A typical form of the motor generator 10 is likely to have the pieces of the stator 12 distributed circumferentially around the motor generator 10. A number of the ferromagnetic pieces 22 on the rotor 20 will be similarly distributed, although the number of the ferromagnetic pieces 22 need not equal the number of stator pieces. The stator 14 can operate from a single phase, or there can be several phases. If there are two or more phases, the motor generator 10 will be self starting.
One can also axially stack the rotors 20 to obtain larger torque in a single machine. Each rotor ring can have its own set of the stators 12, or several rings can share a single one of the stators 12 as shown in FIG. 6. Here, the stators 12 include a C-shaped ferromagnetic yoke 60 which is attached to a passive ferromagnetic pole 64 by means of a nonmagnetic mechanical member 62.
For efficiency in the motor mode of operation of the motor generator 10, it is desirable to recover the magnetic field energy of the motor coil 14. This can be done by using that energy to help energize the motor coil 14 in a following phase, if the machine is polyphase.
For flywheel energy storage, an axial-flux type of machine has an advantage over a radial-flux type of machine in that when the motor or generator is operating, it tends to stabilize the flywheel in the radial direction. This is important in flywheels with high temperature superconductor bearings, because they tend to suffer several millimeters of radial amplitude when traversing bearing resonances, but have much smaller vertical amplitudes. The radial-flux machines are radially destabilizing.
The axial-gap variable reluctance of the motor generator 10 described here has a number of advantages: the hubless (inside-out) design of the motor generator 10 is more amenable to high-speed operation than reluctance motor designs that have the stator 12 on the outside of the rotor 20, because it allows for a banding ring of substantial thickness. Also if steel is used for the ferromagnet on the rotor 20, it is inherently stronger than a permanent magnet type of machine. Compared to permanent-magnet brushless designs, such as for a Halbach array, the reluctance form of the motor generator 10 should have much lower manufacturing cost. The motor generator 10, while operating, is inherently stable in the radial direction. Varying the stator gap provides the opportunity for a constant voltage output from the generator coils 16 which should improve the efficiency in generator mode over a wide range of operation speeds, while at the same time using less complicated power electronics. The variable gap also allows controlled variation of voltage for some applications.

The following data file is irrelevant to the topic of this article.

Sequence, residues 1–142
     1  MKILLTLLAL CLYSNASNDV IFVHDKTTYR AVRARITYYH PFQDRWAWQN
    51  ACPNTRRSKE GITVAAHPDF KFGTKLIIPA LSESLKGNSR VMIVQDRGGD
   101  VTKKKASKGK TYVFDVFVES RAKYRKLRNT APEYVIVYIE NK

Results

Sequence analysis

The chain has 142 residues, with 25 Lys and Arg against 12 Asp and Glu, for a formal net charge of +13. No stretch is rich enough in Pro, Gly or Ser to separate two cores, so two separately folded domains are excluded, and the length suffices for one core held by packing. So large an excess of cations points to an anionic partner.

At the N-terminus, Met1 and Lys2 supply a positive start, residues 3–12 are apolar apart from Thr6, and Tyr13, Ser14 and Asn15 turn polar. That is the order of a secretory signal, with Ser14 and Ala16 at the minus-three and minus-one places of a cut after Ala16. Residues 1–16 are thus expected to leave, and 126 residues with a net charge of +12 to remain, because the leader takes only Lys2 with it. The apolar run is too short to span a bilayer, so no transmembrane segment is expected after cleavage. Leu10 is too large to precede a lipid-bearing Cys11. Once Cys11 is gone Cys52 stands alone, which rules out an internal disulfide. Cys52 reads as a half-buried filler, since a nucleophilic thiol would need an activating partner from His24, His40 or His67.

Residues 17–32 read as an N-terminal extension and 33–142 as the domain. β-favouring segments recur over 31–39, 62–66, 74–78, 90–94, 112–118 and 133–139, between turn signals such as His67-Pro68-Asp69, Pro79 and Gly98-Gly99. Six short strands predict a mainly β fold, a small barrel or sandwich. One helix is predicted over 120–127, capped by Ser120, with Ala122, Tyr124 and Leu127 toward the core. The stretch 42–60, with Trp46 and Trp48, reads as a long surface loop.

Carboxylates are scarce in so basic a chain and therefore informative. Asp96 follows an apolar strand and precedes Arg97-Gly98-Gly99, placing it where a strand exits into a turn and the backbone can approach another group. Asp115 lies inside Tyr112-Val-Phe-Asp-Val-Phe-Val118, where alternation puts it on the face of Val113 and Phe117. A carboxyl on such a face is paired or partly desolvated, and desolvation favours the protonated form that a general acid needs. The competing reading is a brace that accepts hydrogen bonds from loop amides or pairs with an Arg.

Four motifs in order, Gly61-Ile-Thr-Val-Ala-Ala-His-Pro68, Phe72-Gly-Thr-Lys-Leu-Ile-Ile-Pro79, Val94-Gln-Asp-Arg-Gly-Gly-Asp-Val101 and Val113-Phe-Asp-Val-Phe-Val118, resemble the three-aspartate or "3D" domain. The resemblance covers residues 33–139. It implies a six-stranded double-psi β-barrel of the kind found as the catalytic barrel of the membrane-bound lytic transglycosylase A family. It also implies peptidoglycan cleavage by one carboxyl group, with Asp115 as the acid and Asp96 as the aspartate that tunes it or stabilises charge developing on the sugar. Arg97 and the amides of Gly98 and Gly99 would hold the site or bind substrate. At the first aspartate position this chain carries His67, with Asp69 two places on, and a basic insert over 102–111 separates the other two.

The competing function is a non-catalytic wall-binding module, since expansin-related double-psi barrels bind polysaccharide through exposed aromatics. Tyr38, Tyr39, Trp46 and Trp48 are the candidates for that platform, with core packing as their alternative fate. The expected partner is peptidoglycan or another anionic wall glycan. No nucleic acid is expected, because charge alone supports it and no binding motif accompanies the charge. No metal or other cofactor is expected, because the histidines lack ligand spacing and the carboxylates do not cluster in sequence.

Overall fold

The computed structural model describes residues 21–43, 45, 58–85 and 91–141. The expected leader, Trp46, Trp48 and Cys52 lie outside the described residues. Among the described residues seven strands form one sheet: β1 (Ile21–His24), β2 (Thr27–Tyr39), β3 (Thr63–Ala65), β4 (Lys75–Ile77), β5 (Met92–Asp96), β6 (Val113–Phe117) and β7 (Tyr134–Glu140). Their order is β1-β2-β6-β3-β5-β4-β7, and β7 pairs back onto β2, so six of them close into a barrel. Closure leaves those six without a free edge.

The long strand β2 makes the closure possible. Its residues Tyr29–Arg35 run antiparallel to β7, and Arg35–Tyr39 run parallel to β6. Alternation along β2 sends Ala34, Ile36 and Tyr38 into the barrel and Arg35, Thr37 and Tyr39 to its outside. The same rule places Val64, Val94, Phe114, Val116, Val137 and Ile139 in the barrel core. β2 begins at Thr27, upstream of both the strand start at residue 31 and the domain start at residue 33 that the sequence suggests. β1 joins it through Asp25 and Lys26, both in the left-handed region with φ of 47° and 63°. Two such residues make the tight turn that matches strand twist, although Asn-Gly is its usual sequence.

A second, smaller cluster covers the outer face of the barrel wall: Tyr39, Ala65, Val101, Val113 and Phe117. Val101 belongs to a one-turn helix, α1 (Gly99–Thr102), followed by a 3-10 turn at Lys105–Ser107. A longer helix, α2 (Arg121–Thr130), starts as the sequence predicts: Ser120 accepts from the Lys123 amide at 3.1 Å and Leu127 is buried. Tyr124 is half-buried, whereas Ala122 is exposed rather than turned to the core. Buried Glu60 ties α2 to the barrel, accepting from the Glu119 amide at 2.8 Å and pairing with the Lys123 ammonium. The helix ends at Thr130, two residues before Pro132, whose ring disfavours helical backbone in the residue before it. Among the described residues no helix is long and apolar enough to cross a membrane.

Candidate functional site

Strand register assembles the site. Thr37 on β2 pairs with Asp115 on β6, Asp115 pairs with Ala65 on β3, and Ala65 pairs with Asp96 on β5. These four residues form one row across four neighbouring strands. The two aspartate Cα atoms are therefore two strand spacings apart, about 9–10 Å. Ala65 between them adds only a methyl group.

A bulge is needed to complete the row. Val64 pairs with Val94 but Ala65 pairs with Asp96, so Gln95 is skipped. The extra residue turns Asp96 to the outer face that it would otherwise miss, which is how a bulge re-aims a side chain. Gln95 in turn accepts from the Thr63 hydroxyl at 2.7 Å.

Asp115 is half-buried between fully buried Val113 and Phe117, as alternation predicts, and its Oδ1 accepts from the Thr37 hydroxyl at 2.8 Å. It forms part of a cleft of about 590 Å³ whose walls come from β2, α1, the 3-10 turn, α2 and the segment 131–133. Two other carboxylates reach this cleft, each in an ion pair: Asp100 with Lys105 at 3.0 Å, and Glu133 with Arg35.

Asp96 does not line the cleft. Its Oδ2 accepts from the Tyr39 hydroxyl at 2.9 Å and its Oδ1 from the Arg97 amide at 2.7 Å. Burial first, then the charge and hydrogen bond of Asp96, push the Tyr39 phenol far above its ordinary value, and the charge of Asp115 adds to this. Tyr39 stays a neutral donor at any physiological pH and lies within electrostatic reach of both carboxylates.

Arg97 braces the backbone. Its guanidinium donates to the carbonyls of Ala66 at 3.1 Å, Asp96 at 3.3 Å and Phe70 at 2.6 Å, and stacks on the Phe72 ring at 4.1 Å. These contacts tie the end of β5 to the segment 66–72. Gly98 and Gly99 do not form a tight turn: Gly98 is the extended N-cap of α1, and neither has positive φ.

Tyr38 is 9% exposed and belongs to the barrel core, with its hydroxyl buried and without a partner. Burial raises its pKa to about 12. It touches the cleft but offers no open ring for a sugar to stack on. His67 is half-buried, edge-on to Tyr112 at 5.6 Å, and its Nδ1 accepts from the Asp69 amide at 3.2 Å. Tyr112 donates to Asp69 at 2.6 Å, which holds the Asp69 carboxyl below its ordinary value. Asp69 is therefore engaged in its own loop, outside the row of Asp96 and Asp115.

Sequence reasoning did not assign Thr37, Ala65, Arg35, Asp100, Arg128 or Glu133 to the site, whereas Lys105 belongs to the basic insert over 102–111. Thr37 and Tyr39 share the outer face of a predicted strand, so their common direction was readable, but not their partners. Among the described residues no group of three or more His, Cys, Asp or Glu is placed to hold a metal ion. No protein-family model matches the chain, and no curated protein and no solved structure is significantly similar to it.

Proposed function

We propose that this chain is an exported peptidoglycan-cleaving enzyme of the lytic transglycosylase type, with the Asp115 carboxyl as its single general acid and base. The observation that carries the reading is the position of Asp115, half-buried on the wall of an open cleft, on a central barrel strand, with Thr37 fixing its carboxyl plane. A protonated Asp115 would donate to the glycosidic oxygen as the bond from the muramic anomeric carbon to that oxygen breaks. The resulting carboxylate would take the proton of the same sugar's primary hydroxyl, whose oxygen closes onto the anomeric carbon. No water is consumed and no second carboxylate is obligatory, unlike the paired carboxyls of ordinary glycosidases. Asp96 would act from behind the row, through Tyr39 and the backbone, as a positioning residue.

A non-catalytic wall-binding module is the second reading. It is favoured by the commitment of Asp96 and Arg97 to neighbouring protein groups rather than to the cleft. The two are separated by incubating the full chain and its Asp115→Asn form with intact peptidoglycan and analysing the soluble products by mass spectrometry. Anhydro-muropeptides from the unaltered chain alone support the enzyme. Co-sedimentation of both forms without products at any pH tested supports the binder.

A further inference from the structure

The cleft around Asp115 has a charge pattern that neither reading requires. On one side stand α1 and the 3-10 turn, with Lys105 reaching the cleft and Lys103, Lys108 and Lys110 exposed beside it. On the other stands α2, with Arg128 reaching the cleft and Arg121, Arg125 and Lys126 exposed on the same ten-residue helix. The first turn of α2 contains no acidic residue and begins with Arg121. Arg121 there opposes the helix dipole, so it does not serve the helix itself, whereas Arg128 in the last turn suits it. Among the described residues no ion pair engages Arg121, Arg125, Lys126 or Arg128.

Because the motor coils 14 can also be deenergized, there should be no idling losses due to the motor generator 10. Because the flux from the motor generator 10 is mostly contained in a closed magnetic circuit, it should also be possible to locate the motor generator 10 in close proximity to the high temperature superconductor bearings 72 (see FIG. 7).
In FIG. 7 is illustrated an example of use in a flywheel system of the motor generator 10 of the invention. The power supply/control system 25 provides electrical power and control signals to the motor generator 10. The motor generator 10 is coupled to a permanent magnet 70 which interacts with a high temperature superconductor bearing 72 to levitate flywheel 74. As mentioned hereinbefore, these types of superconductor based flywheel systems are well known, as described in incorporated U.S. Pat. No. 5,214,981, and when combined with the motor generator 10, the result is an advantageous system.
While preferred embodiments have been shown and described, it should be understood that changes and modifications can be made therein without departing from the invention in its broader aspects. Various features of the invention are defined in the following claims.
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|U.S. Classification||310/74, 310/268, 310/90.5, 310/156.32, 310/90, 310/156.35, 310/216.036|
|International Classification||H02K19/24, H02K7/02, H02K1/14, H02K19/06|
|Cooperative Classification||H02K1/141, H02K19/24, H02K19/06, H02K7/025, Y02E60/16|
|European Classification||H02K7/02B, H02K1/14B, H02K19/24, H02K19/06|
|Oct 30, 1998||AS||Assignment|
Owner name: CHICAGO, UNIVERSITY OF, ILLINOIS
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Owner name: U CHICAGO ARGONNE LLC,ILLINOIS